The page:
Something about the residents, their habits, culture, economy including agriculture or any restaurants, tourism related information, something from the past?
Beyond the Qeparo coastline, a small bay is situated approximately 2.5 kilometers to the north, well protected from the winds, called Porto Palermo. This harbor is an ancient place: it has been known since antiquity as the Harbor of Epirote. The tribe of Kaon called it “Panormou,” and it has been mentioned by ancient Greek and Roman authors in various texts dating back to the fifth century BCE. The favorable geographic and strategic position of Porto Palermo was also used in the Middle Ages and especially in the nineteenth century by Ali Pasha, who built the famous hexagonal fortress of Porto Palermo. Ali Pasha constructed the fortress as an advanced bastion to be used in case of emergency departure westward, if the Ottoman forces were to attack him. The building was designed by two architects from Ioannina: one was an Albanian construction master and the other a French military engineer. On the main gate of the fort was a plaque with a warning from Ali Pasha: “who would dare to touch those walls the black snake will eat his eyes.”Also in the entrance to Porto Palermo bay sits a Christian Orthodox church built by Ali Pasha in the early nineteenth century. This site served as the place of the wedding ceremony as well as the coronation of Ali Pasha. The wedding guests were invited from the four corners of the Pashaluk (eyalet) and gathered in this place to celebrate the ceremony of marriage between Ali Pasha and Vasiliki, famous for her special graces, intelligence, and extreme loyalty to her husband even after his death, despite an age difference of over forty years. Their marriage remains as a symbol of harmony and religious coexistence in the cultural history of Albania, because Pasha was of Bektashi faith whereas his wife was Christian Orthodox.
A small harbor continues to operate in the bay of Porto Palermo where tourist yachts and fishing boats of the surrounding villages anchor
Of all of Ali Pasha’s various military and diplomatic achievements, the legend of his marriage persists as a definitional story. Pasha was a Bektashi Muslim and his wife Christian Orthodox. In a shocking move to his constituency, the Muslim monarch agreed to make the marriage ceremony inside the Christian chapel near the sea, which still stands today. No one can explain why Pasha left the capital, Ioannina (Janina), for this distant place. Perhaps it was the view! Or the relative remoteness from the bustling city. Nevertheless, when Ali Pasha entered through the huge crowd of wedding guests and curious people, he heard the commanding voice of the clergyman who said that the bridegroom should follow the orders and repeat his words. Pasha, who until then was not accustomed to command the others, was now being commanded by the provincial priest. Under the pressure of curious eyes of the participants, without waiting until the end of the Christian procedures of the ceremony, Pasha addressed to the priest with compelling and suggestive voice: “It seems that there is nothing else to be said!? The ceremony ended, right?” “Yes, yes,” muttered the shocked priest. Meanwhile, Pasha grabbed the arm of his bride, Vasiliki, and turned toward the exit door. While the crowd began chanting and throwing flowers over the couple, before reaching the door, Pasha swiftly drew a hidden pistol out of his band and fired toward the ceiling in a typically eccentric and rebellious move. The pistol’s bullet hit the corner of the marble cross standing on the altar, breaking a piece of it. That cross stood damaged for two centuries, until its repair in 1997.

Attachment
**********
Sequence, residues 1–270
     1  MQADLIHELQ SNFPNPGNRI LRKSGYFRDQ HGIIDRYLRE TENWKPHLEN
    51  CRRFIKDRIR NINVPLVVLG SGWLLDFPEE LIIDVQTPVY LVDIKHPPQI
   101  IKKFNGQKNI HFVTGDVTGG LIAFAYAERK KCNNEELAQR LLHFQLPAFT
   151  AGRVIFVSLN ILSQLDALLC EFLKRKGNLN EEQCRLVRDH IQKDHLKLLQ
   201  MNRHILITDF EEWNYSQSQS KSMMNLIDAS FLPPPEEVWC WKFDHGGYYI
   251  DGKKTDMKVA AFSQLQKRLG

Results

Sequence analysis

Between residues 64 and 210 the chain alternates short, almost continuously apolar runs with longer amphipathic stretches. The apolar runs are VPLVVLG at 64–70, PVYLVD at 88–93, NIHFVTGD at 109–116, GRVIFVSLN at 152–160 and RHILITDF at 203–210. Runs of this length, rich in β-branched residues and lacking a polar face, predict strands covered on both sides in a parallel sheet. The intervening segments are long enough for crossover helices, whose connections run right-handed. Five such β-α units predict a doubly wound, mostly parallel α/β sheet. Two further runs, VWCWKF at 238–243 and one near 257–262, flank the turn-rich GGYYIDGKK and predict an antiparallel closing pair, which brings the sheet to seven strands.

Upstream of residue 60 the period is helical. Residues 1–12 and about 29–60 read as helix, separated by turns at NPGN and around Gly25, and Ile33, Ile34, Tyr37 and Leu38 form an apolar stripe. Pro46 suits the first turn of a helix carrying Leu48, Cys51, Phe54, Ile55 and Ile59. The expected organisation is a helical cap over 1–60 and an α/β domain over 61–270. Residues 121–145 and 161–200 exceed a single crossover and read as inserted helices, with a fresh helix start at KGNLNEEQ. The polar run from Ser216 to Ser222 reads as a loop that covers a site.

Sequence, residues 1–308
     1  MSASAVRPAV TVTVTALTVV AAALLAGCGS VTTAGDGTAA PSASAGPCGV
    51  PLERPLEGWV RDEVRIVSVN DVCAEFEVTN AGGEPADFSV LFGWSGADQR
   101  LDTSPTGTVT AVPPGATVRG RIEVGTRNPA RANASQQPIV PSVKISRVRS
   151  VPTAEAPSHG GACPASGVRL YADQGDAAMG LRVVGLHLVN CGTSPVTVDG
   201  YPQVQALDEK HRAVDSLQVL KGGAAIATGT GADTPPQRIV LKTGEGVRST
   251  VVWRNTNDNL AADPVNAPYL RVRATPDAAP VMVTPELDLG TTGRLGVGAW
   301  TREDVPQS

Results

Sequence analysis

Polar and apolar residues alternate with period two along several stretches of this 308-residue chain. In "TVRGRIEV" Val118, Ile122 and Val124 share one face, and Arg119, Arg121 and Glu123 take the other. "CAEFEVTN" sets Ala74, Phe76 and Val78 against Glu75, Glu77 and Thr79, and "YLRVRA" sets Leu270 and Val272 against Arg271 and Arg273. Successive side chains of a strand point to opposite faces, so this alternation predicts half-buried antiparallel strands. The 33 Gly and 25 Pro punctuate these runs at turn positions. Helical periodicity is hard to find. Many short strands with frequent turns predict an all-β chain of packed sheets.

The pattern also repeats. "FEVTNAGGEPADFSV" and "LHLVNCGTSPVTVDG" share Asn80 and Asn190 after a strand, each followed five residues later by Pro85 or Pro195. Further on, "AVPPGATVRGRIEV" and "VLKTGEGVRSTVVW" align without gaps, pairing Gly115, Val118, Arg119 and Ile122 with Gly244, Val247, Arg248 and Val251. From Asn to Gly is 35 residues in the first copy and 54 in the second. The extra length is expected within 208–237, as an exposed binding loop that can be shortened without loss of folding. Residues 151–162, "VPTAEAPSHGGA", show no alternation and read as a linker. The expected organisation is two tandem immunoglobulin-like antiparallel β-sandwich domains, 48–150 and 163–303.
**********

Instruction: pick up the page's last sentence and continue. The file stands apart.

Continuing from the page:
Another legend of Ali Pasha tells the tale of the agave plants that line the steep hill behind the castle. It is told that Ali Pasha brought a plant from a distant and unknown land that had two special features and sowed it in the surrounding terrain of the fortress of Porto Palermo. Its numerous flowers filled the landscape around the castle in spring and the amount of latex that these plants periodically produce was numerous. This led to the legend that this milk was the breast milk of Vasiliki, the wife of Ali Pasha, who never bore children with Pasha.